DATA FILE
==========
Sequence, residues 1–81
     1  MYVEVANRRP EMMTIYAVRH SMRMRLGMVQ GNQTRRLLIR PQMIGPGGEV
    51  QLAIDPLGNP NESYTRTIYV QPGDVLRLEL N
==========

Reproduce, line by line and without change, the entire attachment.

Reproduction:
Sequence, residues 1–81
     1  MYVEVANRRP EMMTIYAVRH SMRMRLGMVQ GNQTRRLLIR PQMIGPGGEV
    51  QLAIDPLGNP NESYTRTIYV QPGDVLRLEL N